A scheduled test of the turbine system at a nuclear power station in Chernobyl, Ukraine, on April 26th, 1986, ended tragically. From a low-power condition, the reactor’s power surged uncontrollably, rapidly boiling water and igniting a steam explosion that blew the reactor’s roof off.
It started a graphite fire that released hazardous radioactive materials into the air. The catastrophe claimed the lives of 31 persons, and it is believed that an additional 4,000 cancer deaths were brought on by the radiation that was discharged.
Operators at Chernobyl retracted the control rods all the way out of the core because Xenon built up due to a rapid shut-down primarily brought on by a problem with a nearby coal plant, only to notice power instabilities due to the inherent positive coolant void coefficient of the RBMK reactor and reinsert them.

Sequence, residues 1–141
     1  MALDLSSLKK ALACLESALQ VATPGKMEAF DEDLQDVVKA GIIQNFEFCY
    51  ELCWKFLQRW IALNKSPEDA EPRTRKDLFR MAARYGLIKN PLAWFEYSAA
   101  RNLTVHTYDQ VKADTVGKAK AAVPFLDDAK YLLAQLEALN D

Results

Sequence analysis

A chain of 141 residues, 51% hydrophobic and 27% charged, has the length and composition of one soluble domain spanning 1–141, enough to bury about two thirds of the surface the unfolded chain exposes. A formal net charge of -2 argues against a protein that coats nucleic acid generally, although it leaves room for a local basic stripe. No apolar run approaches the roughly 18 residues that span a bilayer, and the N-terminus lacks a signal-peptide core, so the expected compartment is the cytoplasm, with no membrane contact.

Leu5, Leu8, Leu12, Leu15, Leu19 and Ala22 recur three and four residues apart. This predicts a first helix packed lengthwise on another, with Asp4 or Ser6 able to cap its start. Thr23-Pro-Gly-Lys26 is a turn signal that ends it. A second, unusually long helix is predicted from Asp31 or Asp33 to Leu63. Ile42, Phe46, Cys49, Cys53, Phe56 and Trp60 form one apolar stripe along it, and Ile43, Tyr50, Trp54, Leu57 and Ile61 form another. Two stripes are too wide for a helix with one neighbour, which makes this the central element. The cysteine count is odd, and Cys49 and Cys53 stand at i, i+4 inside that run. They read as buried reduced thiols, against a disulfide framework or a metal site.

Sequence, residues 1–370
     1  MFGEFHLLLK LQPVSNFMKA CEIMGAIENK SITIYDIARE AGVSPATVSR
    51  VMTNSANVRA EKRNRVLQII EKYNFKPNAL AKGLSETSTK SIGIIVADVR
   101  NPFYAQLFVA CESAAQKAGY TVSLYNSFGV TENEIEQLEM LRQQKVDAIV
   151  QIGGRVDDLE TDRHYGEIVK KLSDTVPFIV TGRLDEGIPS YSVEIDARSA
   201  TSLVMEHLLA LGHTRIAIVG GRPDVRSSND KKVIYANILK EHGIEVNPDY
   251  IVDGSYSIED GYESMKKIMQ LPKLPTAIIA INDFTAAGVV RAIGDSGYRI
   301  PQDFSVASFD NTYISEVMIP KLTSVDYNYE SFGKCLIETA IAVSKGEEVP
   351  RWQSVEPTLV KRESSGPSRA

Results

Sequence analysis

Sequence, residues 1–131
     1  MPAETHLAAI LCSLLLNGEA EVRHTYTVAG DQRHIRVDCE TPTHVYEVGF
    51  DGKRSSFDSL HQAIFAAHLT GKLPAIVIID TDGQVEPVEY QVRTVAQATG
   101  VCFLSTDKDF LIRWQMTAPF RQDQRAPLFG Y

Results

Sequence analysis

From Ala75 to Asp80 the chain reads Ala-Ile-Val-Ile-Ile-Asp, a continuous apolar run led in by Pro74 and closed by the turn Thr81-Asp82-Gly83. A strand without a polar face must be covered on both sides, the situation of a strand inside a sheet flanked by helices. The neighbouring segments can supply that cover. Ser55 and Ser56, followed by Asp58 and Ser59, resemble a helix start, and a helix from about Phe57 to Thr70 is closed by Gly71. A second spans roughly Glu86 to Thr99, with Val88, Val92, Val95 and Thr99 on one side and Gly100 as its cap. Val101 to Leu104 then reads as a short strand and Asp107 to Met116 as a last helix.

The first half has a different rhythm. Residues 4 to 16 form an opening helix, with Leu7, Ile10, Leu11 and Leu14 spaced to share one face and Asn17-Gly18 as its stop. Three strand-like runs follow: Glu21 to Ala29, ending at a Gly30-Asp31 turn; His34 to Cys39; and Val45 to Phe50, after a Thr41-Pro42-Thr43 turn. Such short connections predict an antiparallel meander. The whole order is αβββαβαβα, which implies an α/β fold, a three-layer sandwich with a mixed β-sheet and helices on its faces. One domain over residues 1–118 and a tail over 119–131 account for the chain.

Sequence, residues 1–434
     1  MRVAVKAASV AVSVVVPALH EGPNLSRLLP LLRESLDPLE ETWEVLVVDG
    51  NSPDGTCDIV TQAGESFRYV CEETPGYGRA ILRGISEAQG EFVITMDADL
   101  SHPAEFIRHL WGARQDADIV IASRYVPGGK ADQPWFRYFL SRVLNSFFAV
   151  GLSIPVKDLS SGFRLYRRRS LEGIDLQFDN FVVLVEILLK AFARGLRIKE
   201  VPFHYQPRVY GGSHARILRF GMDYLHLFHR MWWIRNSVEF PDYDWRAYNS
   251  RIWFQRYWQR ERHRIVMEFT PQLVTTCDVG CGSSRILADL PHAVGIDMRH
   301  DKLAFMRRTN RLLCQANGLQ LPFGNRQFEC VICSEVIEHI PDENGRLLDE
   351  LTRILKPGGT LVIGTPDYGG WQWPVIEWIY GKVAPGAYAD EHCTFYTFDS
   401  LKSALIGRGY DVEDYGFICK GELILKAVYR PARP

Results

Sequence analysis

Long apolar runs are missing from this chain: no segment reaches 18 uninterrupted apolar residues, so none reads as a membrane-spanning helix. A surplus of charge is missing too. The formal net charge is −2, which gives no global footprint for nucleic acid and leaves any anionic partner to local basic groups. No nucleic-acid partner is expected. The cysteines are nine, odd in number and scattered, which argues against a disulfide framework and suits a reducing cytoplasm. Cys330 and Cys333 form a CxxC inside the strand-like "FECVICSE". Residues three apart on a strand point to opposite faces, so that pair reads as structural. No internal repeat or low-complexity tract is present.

The positive void coefficient allowed the reactor to undergo a runaway power excursion, which led to a catastrophic steam explosion and graphite fire that killed 30 workers and released radiation levels that were soon detected in Finland. However, the tips of the rods were made of graphite, which displaced water without introducing neutron poison, increasing power rather than decreasing it.
PIC: history.com, Newsweek, Eurochannel, Daily Express, National Geographic